The VimL Primer ... gets you comfortable in VimL quickly, walking you through creating a working plugin that you can run yourself as you write it in Vim. You'll learn how to script common commands and buffer interaction, work with windows and buffers from within a plugin script, and how to use autocommands to have Vim recognize entirely new filetypes. You'll discover how to declare filetype-specific settings and define your own syntax elements for use with Vim's syntax highlighting. And you'll see how you can write your own command-line commands and define new mappings to call them.

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Script Roundup: vim-tab, Vim-Swoop

vim-tab

vim-tab (GitHub: rargo/vim-tab) by Rargo Ye is designed to allow Vim to use a different working directory for each tab. Why? The author provides some interesting background: he writes software for Android, and finds that because Android development can be so complex things like ctags get slow.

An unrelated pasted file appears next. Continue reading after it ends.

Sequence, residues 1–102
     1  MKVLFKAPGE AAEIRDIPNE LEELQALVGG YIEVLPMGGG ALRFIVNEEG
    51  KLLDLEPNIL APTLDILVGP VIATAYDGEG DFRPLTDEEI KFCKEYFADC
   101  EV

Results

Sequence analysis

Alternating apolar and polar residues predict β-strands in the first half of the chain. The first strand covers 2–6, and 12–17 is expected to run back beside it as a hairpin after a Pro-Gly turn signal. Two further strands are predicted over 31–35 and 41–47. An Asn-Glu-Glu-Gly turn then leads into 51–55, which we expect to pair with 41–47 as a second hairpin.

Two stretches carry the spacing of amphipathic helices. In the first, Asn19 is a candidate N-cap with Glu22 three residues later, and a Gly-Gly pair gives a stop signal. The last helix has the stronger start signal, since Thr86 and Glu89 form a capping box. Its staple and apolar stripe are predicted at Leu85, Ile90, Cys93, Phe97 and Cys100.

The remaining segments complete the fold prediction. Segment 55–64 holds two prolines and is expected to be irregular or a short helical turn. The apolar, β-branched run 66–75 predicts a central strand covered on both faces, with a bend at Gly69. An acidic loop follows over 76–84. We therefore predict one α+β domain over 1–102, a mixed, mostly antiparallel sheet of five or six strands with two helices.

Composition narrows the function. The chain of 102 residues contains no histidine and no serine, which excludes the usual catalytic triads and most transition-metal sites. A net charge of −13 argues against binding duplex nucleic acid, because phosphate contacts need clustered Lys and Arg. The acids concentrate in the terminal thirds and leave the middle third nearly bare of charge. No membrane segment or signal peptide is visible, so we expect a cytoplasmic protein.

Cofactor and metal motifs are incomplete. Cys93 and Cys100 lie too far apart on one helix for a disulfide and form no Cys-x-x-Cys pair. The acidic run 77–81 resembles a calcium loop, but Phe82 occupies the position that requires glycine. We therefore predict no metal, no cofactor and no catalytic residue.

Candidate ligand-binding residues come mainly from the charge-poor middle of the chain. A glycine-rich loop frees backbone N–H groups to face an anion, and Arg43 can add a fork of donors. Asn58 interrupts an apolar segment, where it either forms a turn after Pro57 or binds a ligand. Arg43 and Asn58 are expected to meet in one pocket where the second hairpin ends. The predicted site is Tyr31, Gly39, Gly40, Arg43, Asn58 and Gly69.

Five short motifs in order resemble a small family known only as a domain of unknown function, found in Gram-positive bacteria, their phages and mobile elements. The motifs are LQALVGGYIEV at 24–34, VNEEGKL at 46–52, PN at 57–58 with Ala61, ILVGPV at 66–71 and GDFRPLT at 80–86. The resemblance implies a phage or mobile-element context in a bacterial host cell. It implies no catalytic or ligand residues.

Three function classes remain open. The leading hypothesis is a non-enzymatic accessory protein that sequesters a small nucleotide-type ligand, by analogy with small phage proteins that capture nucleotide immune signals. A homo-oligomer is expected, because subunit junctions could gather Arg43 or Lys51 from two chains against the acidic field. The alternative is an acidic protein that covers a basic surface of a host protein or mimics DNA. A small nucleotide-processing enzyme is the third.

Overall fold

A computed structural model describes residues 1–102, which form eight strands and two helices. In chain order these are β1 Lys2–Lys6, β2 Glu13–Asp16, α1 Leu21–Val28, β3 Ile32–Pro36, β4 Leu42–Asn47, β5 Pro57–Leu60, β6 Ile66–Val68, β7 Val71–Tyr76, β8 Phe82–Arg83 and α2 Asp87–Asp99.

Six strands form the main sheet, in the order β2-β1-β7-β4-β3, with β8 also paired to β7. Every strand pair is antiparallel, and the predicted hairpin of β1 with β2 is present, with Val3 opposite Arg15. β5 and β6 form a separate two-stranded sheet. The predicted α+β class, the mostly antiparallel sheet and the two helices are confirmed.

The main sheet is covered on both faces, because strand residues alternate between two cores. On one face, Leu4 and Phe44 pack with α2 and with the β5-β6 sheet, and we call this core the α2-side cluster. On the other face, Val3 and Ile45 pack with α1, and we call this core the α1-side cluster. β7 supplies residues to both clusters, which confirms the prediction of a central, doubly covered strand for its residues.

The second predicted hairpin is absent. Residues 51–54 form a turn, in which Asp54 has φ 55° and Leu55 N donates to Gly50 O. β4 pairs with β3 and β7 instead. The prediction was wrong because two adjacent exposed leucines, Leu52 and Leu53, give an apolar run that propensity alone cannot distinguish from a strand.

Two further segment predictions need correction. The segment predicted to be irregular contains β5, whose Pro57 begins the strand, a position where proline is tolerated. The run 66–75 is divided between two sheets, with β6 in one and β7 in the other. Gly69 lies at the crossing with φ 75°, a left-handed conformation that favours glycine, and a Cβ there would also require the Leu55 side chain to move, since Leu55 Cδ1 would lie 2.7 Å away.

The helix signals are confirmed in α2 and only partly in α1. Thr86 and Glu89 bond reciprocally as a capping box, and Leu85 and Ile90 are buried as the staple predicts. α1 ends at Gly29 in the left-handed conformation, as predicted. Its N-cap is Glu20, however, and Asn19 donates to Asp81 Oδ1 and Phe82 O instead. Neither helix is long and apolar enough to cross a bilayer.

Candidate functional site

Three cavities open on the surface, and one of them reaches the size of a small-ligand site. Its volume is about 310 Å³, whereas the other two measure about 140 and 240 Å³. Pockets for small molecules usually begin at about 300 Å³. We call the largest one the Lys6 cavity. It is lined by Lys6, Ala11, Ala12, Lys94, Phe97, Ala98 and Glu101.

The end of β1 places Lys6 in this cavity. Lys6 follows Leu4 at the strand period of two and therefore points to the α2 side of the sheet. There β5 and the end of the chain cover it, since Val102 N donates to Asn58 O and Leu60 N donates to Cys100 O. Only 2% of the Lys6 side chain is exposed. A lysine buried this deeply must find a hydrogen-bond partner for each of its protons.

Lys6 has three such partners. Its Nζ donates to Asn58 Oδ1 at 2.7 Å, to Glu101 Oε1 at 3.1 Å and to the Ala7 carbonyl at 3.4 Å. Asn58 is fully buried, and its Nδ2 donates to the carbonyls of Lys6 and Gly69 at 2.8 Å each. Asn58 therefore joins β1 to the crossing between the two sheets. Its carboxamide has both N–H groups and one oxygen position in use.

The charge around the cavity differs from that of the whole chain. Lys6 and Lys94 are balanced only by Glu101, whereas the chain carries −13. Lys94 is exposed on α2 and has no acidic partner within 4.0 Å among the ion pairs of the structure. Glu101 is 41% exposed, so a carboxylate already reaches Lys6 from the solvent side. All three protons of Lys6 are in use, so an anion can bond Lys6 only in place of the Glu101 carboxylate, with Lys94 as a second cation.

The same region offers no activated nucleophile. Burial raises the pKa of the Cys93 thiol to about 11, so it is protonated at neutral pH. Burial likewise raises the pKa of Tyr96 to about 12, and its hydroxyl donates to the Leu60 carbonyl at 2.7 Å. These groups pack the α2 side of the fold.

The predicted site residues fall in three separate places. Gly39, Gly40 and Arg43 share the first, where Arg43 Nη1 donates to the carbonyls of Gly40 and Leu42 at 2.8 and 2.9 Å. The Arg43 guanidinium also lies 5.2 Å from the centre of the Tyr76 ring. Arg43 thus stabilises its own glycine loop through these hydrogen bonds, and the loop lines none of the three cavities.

vim-tab allows you to set a directory per tab, and also run commands. That means you could reload tags for the new working directory.

The readme on GitHub has more details and configuration examples.

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Running Tests from Inside Vim

If you're keen on TDD, then leaving your editor to run tests can be annoying. There are lots of options for running tests, however: some people use file watchers to trigger tests when the project's files are modified, and others use test runners from within their IDE or editor. Janko Marohnić sent in test.vim, which is a new plugin for triggering test runners.

Janko wanted features like zero dependencies and configuration, automatically choosing the correct test runner, and a wide range of language/platform support. Lots of Vim test runners are Ruby-focused, which makes sense because the Ruby community is big on testing. However, the exact way in which a single test, test file, or test suite is actually run is highly dependent on each test framework.

The way test.vim works is to associate test runners with strategies. It has to be able to do the right thing for running a test nearest the current line of code (:TestNearest), running the current test file (:TestFile), or running the entire suite (:TestSuite).